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  • Satellite Evolution Group

Space Systems Command launches National Reconnaissance Office mission


A United Launch Alliance (ULA) Delta IV Heavy rocket carrying the NROL-68 mission for the National Reconnaissance Office (NRO) lifts off from  Space Launch Complex-37 at 5:18 a.m. ET, June. 22, 2023. Photo Credit: United Launch Alliance
A United Launch Alliance (ULA) Delta IV Heavy rocket carrying the NROL-68 mission for the National Reconnaissance Office (NRO) lifts off from Space Launch Complex-37 at 5:18 a.m. ET, June. 22, 2023. Photo Credit: United Launch Alliance

Space Systems Command (SSC) and its US Space Force mission partners successfully launched a classified payload into Geosynchronous Earth Orbit (GEO) aboard a United Launch Alliance (ULA) Delta IV Heavy rocket for the National Reconnaissance Office from Space Launch Complex (SLC)-37B at Cape Canaveral Space Force Station, on the central coast of Florida.


“We had another successful launch for the NRO today. The payload we’ve put into space today adds to the unique capability the NRO provides to keep us safe and out in front of the pacing challenges posed by our Nation’s competitors,” said Maj. Gen. Stephen Purdy, program executive officer for SSC’s Assured Access to Space. “Our national security launches are truly a next-level activity, with pre-launch handling, testing and flight performance requirements that highly require detail-oriented planning and great care. Today’s team, comprised of the NRO, United States Space Force and United Launch Alliance did an immense amount of work behind the scenes to ensure these specialized national assets get to orbit properly and safely.”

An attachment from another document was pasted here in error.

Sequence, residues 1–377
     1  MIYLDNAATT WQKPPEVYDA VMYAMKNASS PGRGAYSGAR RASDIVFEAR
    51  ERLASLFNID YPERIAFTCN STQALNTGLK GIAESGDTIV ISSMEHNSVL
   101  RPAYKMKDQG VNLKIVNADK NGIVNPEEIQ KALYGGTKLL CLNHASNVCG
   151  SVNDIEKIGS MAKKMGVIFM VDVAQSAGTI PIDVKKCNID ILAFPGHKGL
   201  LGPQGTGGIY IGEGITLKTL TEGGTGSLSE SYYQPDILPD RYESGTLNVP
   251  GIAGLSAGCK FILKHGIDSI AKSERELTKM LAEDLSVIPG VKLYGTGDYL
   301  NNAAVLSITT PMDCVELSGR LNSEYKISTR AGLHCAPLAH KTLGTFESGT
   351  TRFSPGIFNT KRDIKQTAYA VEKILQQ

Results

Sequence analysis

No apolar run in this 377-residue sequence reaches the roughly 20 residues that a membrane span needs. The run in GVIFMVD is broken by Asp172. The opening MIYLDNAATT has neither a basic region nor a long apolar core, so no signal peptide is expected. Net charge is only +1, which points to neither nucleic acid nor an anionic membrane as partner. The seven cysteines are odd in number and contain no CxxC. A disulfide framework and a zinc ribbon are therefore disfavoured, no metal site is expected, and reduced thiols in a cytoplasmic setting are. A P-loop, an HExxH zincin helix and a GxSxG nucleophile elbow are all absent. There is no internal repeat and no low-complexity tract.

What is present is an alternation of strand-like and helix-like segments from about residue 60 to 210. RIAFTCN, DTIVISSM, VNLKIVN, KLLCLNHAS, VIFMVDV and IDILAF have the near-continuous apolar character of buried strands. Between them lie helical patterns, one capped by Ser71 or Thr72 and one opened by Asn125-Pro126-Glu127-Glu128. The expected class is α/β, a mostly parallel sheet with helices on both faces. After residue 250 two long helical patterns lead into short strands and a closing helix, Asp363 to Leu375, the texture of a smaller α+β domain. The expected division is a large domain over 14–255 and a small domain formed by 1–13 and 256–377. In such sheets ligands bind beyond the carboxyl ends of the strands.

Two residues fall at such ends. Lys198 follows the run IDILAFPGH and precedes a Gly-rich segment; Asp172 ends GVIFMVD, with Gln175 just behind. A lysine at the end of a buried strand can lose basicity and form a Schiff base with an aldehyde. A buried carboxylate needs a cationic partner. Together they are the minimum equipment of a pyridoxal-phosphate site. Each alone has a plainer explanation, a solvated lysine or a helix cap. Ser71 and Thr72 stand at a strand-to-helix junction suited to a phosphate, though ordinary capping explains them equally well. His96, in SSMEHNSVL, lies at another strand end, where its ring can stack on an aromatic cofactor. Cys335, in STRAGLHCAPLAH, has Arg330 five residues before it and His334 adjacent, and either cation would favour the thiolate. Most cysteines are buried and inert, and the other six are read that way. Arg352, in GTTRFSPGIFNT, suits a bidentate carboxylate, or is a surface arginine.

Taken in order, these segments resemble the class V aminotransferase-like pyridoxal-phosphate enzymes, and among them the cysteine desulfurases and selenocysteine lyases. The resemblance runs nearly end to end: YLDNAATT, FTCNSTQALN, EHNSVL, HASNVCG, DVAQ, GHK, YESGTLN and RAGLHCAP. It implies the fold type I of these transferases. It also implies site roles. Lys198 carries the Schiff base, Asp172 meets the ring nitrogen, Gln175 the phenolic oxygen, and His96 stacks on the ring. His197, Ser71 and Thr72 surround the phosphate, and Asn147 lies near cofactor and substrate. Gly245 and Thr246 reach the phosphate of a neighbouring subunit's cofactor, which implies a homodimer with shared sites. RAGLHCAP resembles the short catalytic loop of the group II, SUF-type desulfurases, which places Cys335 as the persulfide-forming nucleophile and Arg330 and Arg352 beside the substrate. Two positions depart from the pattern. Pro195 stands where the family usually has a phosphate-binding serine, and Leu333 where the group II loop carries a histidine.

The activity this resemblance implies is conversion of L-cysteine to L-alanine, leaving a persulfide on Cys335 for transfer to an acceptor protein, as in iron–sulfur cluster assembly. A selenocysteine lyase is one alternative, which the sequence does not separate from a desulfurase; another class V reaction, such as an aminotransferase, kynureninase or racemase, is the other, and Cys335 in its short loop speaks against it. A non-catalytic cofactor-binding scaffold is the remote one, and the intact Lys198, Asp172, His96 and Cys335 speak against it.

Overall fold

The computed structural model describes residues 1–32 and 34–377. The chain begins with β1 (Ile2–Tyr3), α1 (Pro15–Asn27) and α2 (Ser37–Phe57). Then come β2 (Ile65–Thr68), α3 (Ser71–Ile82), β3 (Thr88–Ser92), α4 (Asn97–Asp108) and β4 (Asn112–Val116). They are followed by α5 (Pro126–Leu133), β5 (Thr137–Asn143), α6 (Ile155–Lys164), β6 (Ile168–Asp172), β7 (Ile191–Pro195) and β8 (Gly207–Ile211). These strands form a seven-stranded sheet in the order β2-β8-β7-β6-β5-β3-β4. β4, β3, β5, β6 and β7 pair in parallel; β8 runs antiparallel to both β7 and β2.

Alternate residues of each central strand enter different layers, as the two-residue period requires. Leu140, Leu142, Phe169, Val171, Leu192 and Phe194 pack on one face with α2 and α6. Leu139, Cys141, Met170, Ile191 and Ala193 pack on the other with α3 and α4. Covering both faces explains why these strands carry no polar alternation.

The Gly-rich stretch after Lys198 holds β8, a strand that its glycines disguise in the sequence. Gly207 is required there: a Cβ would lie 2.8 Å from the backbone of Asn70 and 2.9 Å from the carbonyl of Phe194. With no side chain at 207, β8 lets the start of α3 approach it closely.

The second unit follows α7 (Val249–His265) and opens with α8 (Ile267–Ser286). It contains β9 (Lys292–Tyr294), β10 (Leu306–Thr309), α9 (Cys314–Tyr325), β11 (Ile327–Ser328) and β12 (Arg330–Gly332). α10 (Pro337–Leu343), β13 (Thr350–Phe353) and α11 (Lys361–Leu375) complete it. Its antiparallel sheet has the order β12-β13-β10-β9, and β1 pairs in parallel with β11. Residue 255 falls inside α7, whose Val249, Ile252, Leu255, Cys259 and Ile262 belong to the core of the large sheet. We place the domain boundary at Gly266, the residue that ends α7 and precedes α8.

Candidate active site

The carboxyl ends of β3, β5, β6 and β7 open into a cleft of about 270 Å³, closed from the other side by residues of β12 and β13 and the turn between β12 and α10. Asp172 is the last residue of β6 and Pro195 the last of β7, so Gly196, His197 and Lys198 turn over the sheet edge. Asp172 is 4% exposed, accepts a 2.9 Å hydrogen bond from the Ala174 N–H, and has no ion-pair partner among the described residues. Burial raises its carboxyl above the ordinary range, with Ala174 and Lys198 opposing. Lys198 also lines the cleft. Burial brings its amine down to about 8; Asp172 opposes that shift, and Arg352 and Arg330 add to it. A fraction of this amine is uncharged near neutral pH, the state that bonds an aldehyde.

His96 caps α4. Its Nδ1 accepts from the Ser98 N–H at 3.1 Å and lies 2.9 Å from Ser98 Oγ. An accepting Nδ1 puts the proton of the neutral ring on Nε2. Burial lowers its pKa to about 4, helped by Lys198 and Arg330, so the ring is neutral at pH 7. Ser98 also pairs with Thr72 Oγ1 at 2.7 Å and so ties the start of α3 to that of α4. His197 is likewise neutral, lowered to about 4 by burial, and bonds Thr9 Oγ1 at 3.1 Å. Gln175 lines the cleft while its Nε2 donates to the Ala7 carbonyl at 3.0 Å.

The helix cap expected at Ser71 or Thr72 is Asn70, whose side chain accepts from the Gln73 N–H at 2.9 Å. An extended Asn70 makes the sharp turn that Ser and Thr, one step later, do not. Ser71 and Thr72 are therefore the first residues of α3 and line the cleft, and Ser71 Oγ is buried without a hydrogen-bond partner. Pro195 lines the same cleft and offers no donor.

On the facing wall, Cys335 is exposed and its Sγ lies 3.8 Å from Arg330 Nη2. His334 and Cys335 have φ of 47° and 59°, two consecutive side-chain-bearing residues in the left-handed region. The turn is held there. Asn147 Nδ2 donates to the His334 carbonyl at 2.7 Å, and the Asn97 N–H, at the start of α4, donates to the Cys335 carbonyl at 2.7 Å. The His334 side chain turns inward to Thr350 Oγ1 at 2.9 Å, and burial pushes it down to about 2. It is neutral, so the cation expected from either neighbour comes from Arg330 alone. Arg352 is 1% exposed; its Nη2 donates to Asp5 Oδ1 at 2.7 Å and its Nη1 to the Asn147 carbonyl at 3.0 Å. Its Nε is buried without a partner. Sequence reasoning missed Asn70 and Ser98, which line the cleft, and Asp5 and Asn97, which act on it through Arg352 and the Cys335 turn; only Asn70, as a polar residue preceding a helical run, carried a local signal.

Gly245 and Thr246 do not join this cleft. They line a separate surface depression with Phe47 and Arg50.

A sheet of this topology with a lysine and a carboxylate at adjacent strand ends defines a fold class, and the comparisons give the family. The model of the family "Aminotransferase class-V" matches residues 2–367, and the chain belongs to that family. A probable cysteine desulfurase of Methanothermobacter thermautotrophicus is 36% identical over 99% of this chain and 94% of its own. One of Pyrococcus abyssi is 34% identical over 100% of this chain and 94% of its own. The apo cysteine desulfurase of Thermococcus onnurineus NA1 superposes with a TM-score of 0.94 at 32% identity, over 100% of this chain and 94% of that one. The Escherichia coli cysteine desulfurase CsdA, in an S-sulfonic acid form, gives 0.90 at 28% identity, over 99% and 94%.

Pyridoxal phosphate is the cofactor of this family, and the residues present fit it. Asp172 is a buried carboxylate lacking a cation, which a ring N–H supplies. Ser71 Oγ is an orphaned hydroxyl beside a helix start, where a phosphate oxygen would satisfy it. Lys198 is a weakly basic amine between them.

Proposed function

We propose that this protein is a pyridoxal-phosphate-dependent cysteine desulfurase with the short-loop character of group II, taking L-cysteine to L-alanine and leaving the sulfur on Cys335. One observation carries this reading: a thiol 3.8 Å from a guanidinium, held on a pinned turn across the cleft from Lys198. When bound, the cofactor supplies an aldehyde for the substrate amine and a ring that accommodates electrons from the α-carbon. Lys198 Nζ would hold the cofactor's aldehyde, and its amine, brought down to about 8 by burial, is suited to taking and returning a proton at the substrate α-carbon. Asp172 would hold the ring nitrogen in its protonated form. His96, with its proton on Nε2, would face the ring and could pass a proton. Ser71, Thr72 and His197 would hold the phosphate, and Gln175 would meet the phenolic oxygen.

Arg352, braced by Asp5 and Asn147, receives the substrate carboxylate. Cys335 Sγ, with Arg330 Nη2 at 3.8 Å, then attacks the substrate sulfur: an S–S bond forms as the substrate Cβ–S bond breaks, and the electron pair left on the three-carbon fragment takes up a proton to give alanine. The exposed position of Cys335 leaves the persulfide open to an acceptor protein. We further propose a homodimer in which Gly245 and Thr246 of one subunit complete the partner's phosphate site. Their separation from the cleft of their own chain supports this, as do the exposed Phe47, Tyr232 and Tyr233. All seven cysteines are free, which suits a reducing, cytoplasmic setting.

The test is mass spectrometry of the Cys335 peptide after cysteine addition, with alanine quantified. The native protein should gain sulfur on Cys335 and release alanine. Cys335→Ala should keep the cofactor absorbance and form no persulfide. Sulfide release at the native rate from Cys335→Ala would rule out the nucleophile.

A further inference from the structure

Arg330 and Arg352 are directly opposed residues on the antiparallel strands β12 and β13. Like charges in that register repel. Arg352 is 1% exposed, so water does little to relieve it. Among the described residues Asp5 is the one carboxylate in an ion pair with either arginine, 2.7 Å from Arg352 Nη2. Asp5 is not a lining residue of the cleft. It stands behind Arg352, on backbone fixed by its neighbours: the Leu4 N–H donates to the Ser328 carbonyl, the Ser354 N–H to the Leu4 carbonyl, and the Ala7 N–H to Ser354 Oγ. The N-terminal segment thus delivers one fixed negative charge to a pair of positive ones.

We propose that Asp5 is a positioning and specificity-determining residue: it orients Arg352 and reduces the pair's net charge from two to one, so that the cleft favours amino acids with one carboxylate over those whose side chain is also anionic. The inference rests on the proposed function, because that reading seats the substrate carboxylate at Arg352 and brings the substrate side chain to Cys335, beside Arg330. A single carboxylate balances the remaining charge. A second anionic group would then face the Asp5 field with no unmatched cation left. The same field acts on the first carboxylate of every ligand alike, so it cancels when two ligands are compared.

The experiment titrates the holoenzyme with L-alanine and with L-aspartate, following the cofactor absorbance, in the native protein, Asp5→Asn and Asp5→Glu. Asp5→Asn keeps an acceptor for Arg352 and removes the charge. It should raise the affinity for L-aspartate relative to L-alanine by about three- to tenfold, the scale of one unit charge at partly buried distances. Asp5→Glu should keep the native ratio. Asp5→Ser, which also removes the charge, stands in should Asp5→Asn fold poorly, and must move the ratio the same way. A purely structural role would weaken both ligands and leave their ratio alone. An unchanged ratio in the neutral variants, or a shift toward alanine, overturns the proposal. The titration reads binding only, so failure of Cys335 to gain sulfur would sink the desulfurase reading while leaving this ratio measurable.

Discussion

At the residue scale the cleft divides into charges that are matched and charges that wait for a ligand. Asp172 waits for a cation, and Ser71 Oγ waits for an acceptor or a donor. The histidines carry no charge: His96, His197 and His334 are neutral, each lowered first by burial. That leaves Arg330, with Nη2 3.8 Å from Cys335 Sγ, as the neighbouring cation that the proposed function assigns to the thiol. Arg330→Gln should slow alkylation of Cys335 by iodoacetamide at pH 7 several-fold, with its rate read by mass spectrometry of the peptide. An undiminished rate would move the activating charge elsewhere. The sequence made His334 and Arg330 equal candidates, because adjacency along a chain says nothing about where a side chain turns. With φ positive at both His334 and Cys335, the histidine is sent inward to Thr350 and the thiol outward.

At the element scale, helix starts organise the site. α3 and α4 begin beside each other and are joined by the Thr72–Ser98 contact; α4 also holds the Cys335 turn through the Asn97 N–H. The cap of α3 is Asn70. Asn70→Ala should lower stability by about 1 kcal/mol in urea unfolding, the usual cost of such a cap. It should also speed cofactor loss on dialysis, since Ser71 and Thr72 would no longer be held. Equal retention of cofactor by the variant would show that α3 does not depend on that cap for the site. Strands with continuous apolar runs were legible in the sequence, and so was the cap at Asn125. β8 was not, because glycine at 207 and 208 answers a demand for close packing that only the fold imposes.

There is one Delta IV Heavy remaining to launch for the Space Force, in 2024. By then, the Delta vehicle will have launched the NRO’s heaviest satellites for more than a decade and a half. Following retirement next year, it will be superseded by ULA’s Vulcan, which will lift the next generation of national security and commercial satellites into space with its own innovations.

Upon its retirement in 2024, the Delta IV Heavy lift will have placed over 20+ National Security satellites into operations that have provided our leaders and warfighters vital data used to protect our nation and allies.


The history of the Delta family of launch vehicles date back to the late 1950s with the first launch of a Thor Delta in August of 1960. From there, in response to ever changing mission needs, the Delta evolved from an intermediate range ballistic missile (IRBM) system into an extremely capable and versatile launch platform. This process expanded the Delta’s payload capability from a meager 100 lbs. delivered to an orbit of 115 miles above Earth to a massive 62,550 lbs. (28,370 kg) to low Earth orbit (LEO) or 30,450 lbs. (13,810 kg) to Geostationary Transfer Orbit (GTO).